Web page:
What exactly is the role of abstraction in our contemporary world? This is one of the big questions being posed in the show “Documents: Abstraction, Landscape, Culture” at LG Tripp Gallery. The exhibit features artists Anthony Vega, Paul Fabozzi and Seonglan Kim Boyce, and makes no reservations in dissecting abstract art and its broad social contexts.
The viewer is immediately immersed in the vivid colors and layers of Anthony Vega upon entering the front of the gallery. To the left is a row of 20 individual acrylic-on-aluminum paintings, which make up the series “Elephant in the Room.” Obviously, the subject in most of these is an elephant, rendered in the thick outlines that dominate Vega’s work, but a kangaroo also manages to make an appearance here. While many times the background is indistinct, some recognizable, real-world locations are also noticeable including the Eiffel Towerand the Taj Mahal.
Around the rest of the space, Vega has larger canvases that generally incorporate more layers and less polished aluminum. Of specific interest are the not-quite-mirror images of a suspension bridge in a diptych, which wrangles with perspective as much as it does pattern. In the multiple angles of the bridge, the artist seems to be channeling the Cubists to some degree.
Surely it is no mistake that these painters were some of the 20th century’s boldest proponents of abstraction. With the power of flipped images having lost some of its luster in the face of media developments like Photoshop, Vega paints his scenes manually with thick patches of print-like color. It’s as if he’s both borrowing from and thumbing his nose at multiple artistic schools from the Impressionists to Pop Art and everything in between.
Paul Fabozzi toys with the interplay between lines and geometric forms in overlapping succession. Utilizing sheets of translucent Mylar and paper, Fabozzi constructs layered images which almost appear to have been etched or engraved. This illusion of a subtractive process gives them an alluring sense of texture. Some of the lower layers also become blurred due to the frosted nature of the plastic sheets, making the hard-edged forms seem hazy and distant. There is a surprising amount of depth in these works that is not evident until closer examination.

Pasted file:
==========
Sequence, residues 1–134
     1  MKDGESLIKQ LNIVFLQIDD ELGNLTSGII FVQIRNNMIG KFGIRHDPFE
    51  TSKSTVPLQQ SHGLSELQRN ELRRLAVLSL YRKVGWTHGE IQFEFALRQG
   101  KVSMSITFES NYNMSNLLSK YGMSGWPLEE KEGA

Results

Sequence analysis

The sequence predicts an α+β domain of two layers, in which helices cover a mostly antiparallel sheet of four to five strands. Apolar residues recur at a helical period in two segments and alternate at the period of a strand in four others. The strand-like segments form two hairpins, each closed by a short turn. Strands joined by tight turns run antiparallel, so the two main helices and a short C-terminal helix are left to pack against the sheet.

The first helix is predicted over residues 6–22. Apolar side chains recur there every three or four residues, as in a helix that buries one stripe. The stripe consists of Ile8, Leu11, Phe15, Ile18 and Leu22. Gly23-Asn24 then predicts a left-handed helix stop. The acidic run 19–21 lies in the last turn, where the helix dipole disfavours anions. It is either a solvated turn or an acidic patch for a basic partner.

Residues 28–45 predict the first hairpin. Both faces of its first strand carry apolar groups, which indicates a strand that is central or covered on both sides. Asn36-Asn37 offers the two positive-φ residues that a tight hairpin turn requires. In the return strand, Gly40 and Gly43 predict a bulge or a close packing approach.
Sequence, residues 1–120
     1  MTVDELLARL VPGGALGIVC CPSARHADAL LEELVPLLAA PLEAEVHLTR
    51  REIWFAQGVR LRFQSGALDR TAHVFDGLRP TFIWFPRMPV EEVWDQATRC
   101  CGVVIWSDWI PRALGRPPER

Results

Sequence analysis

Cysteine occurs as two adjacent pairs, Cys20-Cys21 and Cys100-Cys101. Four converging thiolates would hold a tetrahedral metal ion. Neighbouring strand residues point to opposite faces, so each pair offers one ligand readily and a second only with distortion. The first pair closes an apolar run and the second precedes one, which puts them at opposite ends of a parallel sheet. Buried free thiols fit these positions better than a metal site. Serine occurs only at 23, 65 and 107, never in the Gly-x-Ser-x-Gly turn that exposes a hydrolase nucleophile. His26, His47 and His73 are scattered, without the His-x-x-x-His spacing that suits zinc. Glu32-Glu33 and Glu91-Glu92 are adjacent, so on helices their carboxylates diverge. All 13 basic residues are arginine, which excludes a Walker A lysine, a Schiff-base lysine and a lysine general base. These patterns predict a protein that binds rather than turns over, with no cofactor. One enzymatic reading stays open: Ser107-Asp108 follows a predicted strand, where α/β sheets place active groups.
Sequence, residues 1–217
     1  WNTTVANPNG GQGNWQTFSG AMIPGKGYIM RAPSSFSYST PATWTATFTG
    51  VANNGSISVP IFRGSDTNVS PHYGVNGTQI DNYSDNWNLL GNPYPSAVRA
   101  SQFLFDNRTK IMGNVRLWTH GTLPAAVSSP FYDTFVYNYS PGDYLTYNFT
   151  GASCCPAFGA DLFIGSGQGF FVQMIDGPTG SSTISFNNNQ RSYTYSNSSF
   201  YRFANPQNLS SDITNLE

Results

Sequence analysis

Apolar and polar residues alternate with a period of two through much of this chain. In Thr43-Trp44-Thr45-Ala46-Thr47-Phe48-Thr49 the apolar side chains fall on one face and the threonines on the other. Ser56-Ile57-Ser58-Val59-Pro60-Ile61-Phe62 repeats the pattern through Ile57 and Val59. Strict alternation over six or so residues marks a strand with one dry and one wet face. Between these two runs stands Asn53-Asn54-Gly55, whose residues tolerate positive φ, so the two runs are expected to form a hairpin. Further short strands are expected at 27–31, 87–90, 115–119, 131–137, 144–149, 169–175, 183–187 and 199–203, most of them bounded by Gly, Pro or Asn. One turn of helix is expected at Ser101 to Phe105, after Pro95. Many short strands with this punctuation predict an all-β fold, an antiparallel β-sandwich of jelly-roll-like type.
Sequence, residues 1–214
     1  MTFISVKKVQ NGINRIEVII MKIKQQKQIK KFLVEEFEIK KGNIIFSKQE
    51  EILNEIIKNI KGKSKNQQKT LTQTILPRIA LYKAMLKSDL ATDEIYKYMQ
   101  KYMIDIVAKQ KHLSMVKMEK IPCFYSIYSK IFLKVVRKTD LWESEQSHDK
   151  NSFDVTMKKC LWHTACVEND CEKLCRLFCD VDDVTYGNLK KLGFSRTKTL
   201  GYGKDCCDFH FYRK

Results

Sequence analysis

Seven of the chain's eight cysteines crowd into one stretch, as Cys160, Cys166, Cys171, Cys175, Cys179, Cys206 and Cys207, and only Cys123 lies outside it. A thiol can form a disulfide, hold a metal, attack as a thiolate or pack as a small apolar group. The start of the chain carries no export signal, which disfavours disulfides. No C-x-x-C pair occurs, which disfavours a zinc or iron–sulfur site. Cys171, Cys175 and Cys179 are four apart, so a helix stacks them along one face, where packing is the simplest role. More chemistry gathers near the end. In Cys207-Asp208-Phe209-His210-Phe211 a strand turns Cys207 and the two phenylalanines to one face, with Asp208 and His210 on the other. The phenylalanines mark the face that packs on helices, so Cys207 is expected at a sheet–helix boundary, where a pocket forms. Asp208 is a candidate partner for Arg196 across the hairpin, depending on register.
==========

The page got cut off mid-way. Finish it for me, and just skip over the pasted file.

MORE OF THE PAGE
In the spirit of Suprematism and Kazimir Malevich, Seonglan Kim Boyce puts together deliberate compositions of lines and rectangles. The canvases are notably bare and straightforward compared to the other art in this show, and perhaps even a great deal of art in general. Boyce proves that the most simple-looking designs are many times the most challenging, if for no other reason than the viewer has very little to work with. Here, the parallel lines verge on nonobjective if it weren’t for their similarity to musical bars and staffs. In fact, the repetition and rhythm of Boyce’s art is practically the only bone the observer is thrown.
Abstraction often leaves topics open-ended and at the mercy of interpretation, and this show is no exception. The context of “Documents” at LG Tripp challenges notions of image-making and abstract representations in contemporary art and culture, and does so in a way that is historically relevant.
LG Tripp Gallery is located at 47-49 N. 2nd St, Philadelphia; 215.923.3110; lgtrippgallery.com